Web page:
As civil rights activists push for more city control of the police review process in Tampa, the current effort to give City Council, more control may seem like a good idea at the outset, but this group is also pushing toward a more aggressive model wishing to hire its own attorney, have subpoena power instated and become a truly investigative arm of the city government and the Tampa Police Department with limited control from the general public.

I think this is a bad idea.

Going back to the concept that police departments are almost universally paramilitary in structure, the real question that the City Council and the public in general in Tampa need to ask themselves is when a police officer is making a decision on the spot who do they want that police officer to be most concerned about?

The individuals involved in the incident at hand, the City Council, the Council Member whose district they may be operating in, or the very strong possibility that regardless of what decision they make they're going to have to justify it through a legal process with the city's Police Review Board.

Having subpoena power, and their own attorney the Tampa Police Review Board will quickly grow to a huge bureaucracy of lawyers, paralegals, investigators, clerical, oversight management, and the list goes on.

In return the Police Department will have to staff up its operation to deal with the barrage of investigations that will certainly ensue, and the ability to manage and control the daily operation of the Police Department could, in fact, be adversely affected to say nothing of their budget.

It's time for the Tampa City Council to take a slight step back and think about what they're doing.

It may make sense to some degree, when it comes to getting votes, but I think the original mix of appointees from the mayor, and the council is a good one, and I'm not really sure why the NAACP has a place at the table at all.

Especially given Tampa’s significant diversity. I can tick off a list of ethnic and diverse groups that I am sure would like to have a seat at the Review Board’s table.

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Disclosures: Retired from St. Petersburg Police Department

Wednesday, June 9, 2021

Red Tide Happy Hour


Tuesday, June 8, 2021

Tampa Bay Transportation Leaders Cheer Gov DeSantis Veto of TBARTA Funding

 No one will miss TBARTA, even their own members.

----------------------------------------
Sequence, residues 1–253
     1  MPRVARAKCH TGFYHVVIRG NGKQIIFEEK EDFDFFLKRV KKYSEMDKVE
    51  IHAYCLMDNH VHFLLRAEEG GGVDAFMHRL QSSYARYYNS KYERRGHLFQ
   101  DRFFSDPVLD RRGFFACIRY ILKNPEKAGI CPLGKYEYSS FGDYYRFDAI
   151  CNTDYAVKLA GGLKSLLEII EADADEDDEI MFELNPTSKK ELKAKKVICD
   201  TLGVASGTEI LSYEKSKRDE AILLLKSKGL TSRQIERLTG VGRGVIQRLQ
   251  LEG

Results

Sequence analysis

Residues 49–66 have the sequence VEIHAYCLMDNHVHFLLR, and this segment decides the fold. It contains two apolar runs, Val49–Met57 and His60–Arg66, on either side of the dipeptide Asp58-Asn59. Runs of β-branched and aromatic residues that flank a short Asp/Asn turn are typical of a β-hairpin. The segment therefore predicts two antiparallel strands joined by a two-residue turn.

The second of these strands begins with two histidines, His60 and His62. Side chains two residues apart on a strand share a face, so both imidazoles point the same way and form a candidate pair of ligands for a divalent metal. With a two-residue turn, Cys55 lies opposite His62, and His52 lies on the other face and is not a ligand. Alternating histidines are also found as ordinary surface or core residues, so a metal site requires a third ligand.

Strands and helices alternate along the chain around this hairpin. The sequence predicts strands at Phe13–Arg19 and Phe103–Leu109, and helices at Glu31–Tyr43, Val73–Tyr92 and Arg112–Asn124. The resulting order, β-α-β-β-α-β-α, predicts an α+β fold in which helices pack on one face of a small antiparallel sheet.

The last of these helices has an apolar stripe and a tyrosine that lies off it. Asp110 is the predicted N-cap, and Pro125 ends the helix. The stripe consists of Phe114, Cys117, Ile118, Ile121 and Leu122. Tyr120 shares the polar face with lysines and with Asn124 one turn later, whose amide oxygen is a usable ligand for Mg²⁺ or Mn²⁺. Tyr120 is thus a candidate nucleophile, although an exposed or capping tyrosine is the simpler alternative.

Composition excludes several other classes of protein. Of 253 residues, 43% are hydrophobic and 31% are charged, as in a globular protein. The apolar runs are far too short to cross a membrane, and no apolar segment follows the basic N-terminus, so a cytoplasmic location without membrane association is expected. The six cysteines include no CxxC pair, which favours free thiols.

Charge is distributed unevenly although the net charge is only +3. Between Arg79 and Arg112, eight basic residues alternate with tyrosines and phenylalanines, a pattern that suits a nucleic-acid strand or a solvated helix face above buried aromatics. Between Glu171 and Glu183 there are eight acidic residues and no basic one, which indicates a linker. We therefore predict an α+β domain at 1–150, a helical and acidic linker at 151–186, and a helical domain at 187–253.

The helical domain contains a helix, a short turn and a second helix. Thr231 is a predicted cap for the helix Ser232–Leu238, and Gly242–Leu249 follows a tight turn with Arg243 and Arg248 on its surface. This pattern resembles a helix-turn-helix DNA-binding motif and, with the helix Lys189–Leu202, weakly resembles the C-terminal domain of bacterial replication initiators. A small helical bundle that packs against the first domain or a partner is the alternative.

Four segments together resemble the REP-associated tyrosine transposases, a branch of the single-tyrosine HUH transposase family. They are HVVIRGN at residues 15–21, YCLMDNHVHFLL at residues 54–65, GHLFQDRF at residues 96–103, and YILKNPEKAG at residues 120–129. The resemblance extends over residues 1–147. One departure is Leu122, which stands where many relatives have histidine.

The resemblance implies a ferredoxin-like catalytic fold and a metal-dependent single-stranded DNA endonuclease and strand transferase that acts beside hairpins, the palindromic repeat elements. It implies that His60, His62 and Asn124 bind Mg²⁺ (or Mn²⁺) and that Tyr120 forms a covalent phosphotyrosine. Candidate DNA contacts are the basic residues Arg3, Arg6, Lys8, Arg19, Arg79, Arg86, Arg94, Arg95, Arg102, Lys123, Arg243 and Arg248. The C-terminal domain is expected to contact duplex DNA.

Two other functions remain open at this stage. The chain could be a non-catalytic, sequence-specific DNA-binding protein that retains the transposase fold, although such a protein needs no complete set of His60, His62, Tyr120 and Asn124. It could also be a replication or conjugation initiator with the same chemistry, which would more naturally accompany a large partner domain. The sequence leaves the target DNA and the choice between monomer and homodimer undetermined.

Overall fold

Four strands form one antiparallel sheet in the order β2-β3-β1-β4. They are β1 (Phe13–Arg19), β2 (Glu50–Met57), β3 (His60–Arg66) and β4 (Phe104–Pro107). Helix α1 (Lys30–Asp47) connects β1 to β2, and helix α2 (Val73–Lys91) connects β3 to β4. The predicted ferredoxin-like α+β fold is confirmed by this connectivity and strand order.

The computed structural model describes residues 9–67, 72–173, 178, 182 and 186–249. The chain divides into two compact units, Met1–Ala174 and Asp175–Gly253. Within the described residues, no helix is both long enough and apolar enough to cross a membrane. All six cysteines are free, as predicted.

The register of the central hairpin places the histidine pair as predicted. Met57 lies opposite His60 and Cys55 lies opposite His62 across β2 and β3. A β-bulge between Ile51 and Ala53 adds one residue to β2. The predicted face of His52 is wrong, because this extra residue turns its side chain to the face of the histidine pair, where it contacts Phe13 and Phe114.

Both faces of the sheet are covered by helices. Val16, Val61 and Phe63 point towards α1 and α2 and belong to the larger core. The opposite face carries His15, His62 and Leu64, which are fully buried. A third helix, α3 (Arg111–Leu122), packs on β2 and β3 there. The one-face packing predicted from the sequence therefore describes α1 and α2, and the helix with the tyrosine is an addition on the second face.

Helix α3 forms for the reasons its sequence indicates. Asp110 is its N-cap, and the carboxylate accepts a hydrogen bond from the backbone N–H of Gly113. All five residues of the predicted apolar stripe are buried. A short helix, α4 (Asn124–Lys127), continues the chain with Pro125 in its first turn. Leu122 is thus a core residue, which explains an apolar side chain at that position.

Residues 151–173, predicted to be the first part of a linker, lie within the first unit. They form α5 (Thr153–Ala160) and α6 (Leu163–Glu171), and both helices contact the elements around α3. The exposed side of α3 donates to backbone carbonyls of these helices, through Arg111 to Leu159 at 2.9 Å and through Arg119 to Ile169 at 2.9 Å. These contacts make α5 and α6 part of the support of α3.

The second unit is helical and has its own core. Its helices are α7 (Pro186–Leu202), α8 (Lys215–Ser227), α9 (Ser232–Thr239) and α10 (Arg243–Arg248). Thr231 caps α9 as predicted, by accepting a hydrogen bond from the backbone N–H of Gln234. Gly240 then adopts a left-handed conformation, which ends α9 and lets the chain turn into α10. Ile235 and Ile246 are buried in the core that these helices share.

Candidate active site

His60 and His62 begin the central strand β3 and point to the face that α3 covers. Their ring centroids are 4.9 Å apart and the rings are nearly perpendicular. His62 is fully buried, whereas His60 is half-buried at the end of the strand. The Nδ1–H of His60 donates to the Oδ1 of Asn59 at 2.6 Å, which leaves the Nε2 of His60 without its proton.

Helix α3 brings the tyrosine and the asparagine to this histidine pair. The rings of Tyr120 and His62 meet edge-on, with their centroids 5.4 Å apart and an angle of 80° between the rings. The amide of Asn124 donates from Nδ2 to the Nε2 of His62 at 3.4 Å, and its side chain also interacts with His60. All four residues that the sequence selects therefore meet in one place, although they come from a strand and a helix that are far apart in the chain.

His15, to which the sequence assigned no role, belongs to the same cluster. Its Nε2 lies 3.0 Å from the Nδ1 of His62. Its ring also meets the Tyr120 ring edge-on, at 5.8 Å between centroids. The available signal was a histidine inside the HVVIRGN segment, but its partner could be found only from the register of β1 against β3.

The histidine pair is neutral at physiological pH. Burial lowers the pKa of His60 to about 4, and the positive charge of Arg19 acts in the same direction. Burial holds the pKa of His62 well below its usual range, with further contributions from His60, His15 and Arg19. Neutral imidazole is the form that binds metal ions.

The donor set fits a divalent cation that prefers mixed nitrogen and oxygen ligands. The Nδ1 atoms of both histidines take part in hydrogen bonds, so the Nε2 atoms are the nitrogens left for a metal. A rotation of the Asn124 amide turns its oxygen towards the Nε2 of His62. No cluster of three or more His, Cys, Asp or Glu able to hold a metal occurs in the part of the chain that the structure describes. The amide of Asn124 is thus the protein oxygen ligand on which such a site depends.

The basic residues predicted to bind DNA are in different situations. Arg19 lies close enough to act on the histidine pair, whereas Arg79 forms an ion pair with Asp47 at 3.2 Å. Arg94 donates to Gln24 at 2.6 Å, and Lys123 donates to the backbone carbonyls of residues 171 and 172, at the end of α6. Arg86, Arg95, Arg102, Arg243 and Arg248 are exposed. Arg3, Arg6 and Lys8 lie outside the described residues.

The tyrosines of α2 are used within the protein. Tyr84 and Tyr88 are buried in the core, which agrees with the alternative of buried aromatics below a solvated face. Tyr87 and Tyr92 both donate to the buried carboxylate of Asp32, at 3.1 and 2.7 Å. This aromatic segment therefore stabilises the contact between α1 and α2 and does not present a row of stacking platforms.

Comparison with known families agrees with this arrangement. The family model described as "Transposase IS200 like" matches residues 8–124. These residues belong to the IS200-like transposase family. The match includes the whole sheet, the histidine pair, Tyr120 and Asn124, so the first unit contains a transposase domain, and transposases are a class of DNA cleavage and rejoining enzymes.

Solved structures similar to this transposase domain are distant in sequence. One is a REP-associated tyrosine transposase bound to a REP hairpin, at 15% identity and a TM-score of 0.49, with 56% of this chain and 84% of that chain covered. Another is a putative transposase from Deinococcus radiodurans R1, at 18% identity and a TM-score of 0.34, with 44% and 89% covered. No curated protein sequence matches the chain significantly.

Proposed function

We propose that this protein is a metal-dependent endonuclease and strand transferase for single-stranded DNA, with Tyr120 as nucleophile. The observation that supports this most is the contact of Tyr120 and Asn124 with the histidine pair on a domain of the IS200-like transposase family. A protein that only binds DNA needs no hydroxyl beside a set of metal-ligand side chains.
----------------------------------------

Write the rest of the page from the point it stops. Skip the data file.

Tampa, Fl
From: Eye On Tampa Bay
Posted by: Sharon Calvert

According to his veto list, Governor DeSantis veto'd the $1.5 million TBARTA funding appropriation.

Gov DeSantis veto's TBARTA funding

 On May 10, leaders of No Tax For Tracks, Save Our Streets Pinellas, and Fix Our Roads First sent a request to Gov DeSantis asking he Veto the TBARTA "Life Support" funding.

These leaders, who have been engaged in the transportation issue in Tampa Bay for many years, cheer the Governor's veto action. They appreciate DeSantis doing the right thing for taxpayers.

 Barb Haselden, a leader with Save Our Streets Pinellas and No Tax For Tracks Pinellas, applauded DeSantis's veto:

This is a victory for the taxpayers! Cutting off funding to TBARTA sends a clear message to special interests that transit boondoggles will not be tolerated, subsidized or encouraged by the DeSantis administration and dismissed as unnecessary.

TBARTA, was created by the state legislature in 2007 as a regional "transportation" agency (Tampa Bay Area Regional Transportation Agency) at the request of special interests lobbyist Tampa Bay Partnership (the Partnership). The Partnership basically ran TBARTA as if TBARTA reported to them.

TBARTA was not provided a long term funding source when created. The intent was to later give TBARTA regional taxing authority. The 2008 recession hit and the state legislature had no appetite to create another taxing authority. They backed off ever taking such action leaving TBARTA asking begging for state and county funding each year.

TBARTA has no accomplishments but it does have a questionable and crony history with the Tampa Bay Partnership, the biggest pushers of rail tax boondoggles in Tampa Bay.

After Jeff Vinik joined Tampa Bay Partnership, the Partnership demanded TBARTA focus only on costly rail and transit. Vinik funded the 2018 illegal All for Transportation rail tax. The Partnership wrote the bill to change TBARTA's name to Tampa Bay Area Regional Transit Agency, handed their bill to then Senator Latvala who championed rammed it through the state legislature in 2017.

Since 2017, TBARTA wasted millions more of taxpayer dollars enriching consultants. They proposed a costly 40 mile regional dedicated lane BRT (bus rapid transit) from Wesley Chapel to St. Petersburg...few would ever ride.

 What a fiscal disaster that transit boondoggle would be. Transit ridership is worse than anemic in Tampa Bay and as we previously posted we should not be dumping more taxpayer dollars into failing transit agencies.

Karen Jaroch, a leader with No Tax For Tracks and Fix Our Roads First also commended DeSantis:

TBARTA is a transit agency that has provided zero transit service in its 14 year existence and wasted millions of dollars. TBARTA is so irrelevant, its own board members do not bother to show up for monthly board meetings. It's time to shutter TBARTA and Gov DeSantis's veto is a good first step.

Senator Brandes had a bill to eliminate TBARTA that did not get thru this session.

 Eliminating TBARTA will not only stop its wasteful spending, it eliminates the possibility of TBARTA ever becoming a regional taxing authority.

The leaders of No Tax For Tracks, Save Our Streets Pinellas and Fix Our Roads First are already looking ahead for another "victory for taxpayers". They want a bill passed next session that eliminates TBARTA once and for all.

 No one will miss TBARTA, even their own members.

Posted by Sharon Calvert at 11:56 AM 

This post is contributed by EYE ON TAMPA BAY. The views expressed in this post are the blog publisher's and do not necessarily reflect those of the publisher of Bay Post Internet.


Cross Posted with permission from: Eye On Tampa Bay